February 07, 2018

InnoHack competitors team up to fight Alabama’s opioid crisis

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Opioid overdoses killed more than 40,000 Americans in 2016 — more than five times the number who died in 1999. InnoHack 2018 chose the opioid crisis as the biggest health care crisis facing Alabama and assigned the 80 competing professionals and students with the task to “hack” for 24 hours and find solutions to the opioid crisis in Jefferson County.

The 80 competitors were randomly divided into 16 teams and spent Jan. 19-20 at Innovation Depot developing solutions they pitched to experts in the field. The best ideas survived a preliminary round of judging and then faced off in the finals.

The top three teams earned prize money, and health care organizations across Jefferson County considered their ideas for implementation, with hope that parts of the team’s ideas can be implemented.

The first place team, who won $2,500, included:

  • Judi Hakim, student, UAB School of Medicine
  • Jonathan Pilgrim, student, UAB Master of Science in Health Administration (MSHA)
  • Lucas Prather, student, UAB MSHA
  • Jody White, nurse manager, UAB Hospital

The second place team, who shared $1,500 in prize money, included:

  •  Matthew Barnes, student, UAB MSHA
  • Becky Langner, nurse manager, UAB Hospital
  •  Matt Waldrop, student, UAB MSHA and Master of Science in Health Informatics (MSHI)

The third place team, who split $500, included:

  • Kody Brinton, student, UAB MSHA
  • Rylie Hightower, student, Master of Science in Biomedical Neuroscience
  • Rajesh Pillai, systems architect, UAB
  • Kylie Woodman, student, Bachelor of Science in Psychology and Communication Management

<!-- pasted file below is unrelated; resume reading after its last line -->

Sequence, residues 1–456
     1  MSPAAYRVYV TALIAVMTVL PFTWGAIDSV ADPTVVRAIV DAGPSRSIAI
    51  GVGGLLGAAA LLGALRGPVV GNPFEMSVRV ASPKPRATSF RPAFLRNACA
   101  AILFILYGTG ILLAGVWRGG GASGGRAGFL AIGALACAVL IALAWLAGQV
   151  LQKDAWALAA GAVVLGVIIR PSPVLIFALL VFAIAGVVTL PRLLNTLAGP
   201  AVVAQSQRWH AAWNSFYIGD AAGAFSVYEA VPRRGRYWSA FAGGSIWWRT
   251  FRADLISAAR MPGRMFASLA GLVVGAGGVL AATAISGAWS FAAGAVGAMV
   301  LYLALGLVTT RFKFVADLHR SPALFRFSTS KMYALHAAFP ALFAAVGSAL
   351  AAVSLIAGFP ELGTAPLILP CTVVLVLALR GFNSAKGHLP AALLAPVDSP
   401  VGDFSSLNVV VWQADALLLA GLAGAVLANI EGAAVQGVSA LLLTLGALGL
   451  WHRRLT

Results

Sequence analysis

“The experience of students working alongside professionals enables the teams to create innovative ideas,” said Teresa Shufflebarger, chief strategy officer, Brookwood Baptist Health and developer of the InnoHack concept. “It lets them see firsthand the value of collaboration, as well as understand the importance of different perspectives on the challenging issues related to the opioid crisis.”.

Zelia Baugh, vice president of Psychiatric Services at Brookwood Baptist Health provided an overview of the opioid issues and shared areas the teams should address, including:

  • Providing novel ways to get Naloxone kits—the medication designed to rapidly reverse opioid overdose—more widely available and closer to situations where overdoses occur
  • Increasing education about the signs and symptoms of overdoses and the proper use of Naloxone to addicts by friends, family and law enforcement agencies
  • Creating ways to reduce bias among health care provider communities toward those persons who suffer from substance abuse

Each team had access to six professionals from the Birmingham community who served as mentors and provided expertise, insight and advice on “Design Thinking” and innovation.

The event, sponsored by Brookwood Baptist Health, the UAB Schools of Health Professions, Medicine, Public Health and Nursing, as well as Think Data Solutions and Innovation Depot, brings together multidisciplinary teams to solve a critical health care issue annually.

Randa Smith Hall, Christy Lemak and Kevin Storr wrote this article.